Thursday, June 23, 2011

TC becomes an iPhone Developer

Today was my first class learning how to code iPhone apps. I have a feeling this will become pretty entertaining, so I plan to blog it here. I welcome any comments.

So, as usual, I went in there thinking I'd be the biggest idiot in the class. But as we went through course intros, it seems I have at least average if not more development experience than the others. No one really had much development experience.

Despite our general lack of knowledge, our course instructor seemed pretty confident that we would learn to write apps and even make money off of them. In fact, he said this course, in his opinion, was definitely a good investment in time and money. I sincerely hope he's right.

There seemed to be two types of people taking the course. Those that had an app they wanted to write (me and 2 others), those that wanted to make a career change (everyone else).

We really didn't do a lot today except for find the Developer site on Apple and go through the usual basics.

I hope next time is more interesting because i'm looking forward to getting going!!


Capt. BS said...

I think there are actually only two "advantageous" backgrounds to have when learning to write iPhone apps:

1.) Hard-core / old-school. You're a veteran C (or possibly C++) programmer who's no stranger to allocating/freeing your own memory, whose brain natively understands an application as a series of procedures/processes, and who scoffs at higher-level languages that let you concatenate string variables using a mere + operator.

2.) Inexperienced. You have little or no prior programming experience. Maybe you took an intro CS course freshman year of college, or a summer class at the local community college, because you were curious / bored. Apart from whatever vague, residual knowledge you've retained, your brain is tabula rasa, free of any experiential bias.

I say this because I downloaded the iPhone SDK a couple of years ago and was completely baffled, in spite of the fact that I've been writing code (mostly of the soft-core variety) in some form or another for the past 20+ years. At an intial glance, Apple's "Objective-C" framework seems like an arcane collection of ANSI C function calls from the late 1980s, and bears little resemblance to a more modern application framework (e.g. Java Swing, .NET Windows Forms) that takes care of most mundane tasks (e.g., creating and displaying the main window) for you so that you can focus on the application itself.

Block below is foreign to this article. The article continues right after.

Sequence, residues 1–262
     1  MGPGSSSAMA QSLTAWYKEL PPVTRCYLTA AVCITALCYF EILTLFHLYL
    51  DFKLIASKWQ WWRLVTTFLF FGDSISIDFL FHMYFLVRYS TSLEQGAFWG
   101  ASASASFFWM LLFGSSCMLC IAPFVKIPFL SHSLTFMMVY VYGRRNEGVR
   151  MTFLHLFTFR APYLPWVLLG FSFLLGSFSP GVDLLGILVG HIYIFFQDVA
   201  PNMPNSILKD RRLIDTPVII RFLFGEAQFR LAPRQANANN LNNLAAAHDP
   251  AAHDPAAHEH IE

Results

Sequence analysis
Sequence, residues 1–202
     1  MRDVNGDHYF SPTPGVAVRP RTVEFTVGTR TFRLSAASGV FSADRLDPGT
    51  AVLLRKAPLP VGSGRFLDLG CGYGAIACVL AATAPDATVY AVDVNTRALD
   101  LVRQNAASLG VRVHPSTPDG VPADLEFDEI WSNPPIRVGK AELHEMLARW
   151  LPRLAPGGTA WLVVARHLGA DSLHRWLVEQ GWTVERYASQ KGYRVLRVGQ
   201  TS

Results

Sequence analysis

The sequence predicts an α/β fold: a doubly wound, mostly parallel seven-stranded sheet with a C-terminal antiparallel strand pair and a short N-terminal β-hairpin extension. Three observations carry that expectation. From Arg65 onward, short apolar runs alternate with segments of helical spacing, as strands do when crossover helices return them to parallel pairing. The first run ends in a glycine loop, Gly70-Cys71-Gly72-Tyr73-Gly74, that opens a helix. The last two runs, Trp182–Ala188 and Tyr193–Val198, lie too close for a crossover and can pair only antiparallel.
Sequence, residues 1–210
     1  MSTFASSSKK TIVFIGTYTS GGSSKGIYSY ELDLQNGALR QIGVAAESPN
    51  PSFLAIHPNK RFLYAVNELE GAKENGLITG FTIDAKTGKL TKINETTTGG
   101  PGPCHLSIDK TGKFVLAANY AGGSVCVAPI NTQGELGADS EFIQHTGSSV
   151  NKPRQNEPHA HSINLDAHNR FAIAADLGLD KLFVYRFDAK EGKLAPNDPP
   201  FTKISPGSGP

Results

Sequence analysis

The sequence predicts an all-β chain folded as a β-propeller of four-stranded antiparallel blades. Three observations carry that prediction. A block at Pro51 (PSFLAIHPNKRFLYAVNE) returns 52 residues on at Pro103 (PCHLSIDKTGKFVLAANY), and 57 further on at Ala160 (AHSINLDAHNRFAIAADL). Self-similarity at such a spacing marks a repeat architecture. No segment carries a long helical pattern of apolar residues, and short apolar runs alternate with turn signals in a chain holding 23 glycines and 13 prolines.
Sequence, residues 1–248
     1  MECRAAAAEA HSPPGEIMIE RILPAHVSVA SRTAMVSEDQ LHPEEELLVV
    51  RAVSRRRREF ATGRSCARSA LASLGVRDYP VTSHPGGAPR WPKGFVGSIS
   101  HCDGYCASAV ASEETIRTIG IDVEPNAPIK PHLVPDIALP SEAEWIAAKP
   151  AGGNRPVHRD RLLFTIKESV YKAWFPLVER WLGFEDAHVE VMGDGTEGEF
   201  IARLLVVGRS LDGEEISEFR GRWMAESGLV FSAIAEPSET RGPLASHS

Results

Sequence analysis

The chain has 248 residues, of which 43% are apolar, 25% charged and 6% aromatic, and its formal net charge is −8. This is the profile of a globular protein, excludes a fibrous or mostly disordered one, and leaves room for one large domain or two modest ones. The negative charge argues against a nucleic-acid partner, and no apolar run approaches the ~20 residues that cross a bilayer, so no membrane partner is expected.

Maybe I didn't play around with it long enough, but in this day and age, there's absolutely no reason for a "Hello World" app to require hundreds of lines of code scattered across 20 or so different files. Then again, given that there are 400,000 iPhone apps, it can't be that cumbersome... can it?

PD said...

Objective C is pretty klugey, from what I can tell, but it seems that Objective C 2.0 improved some things but it's still pretty limited. Now, what's available on Cocoa Touch is even more limited, since on an iPhone you can't for example, keep a window open in the background for an app. I think it's pretty foolproof.

Mind you, my opinion comes from someone who had to learn C++ in college in order to take a mathematical algorithm and graphically display it on a screen. At the time the programming seemed so hard, now I look at my pathetically easy for loops and laugh.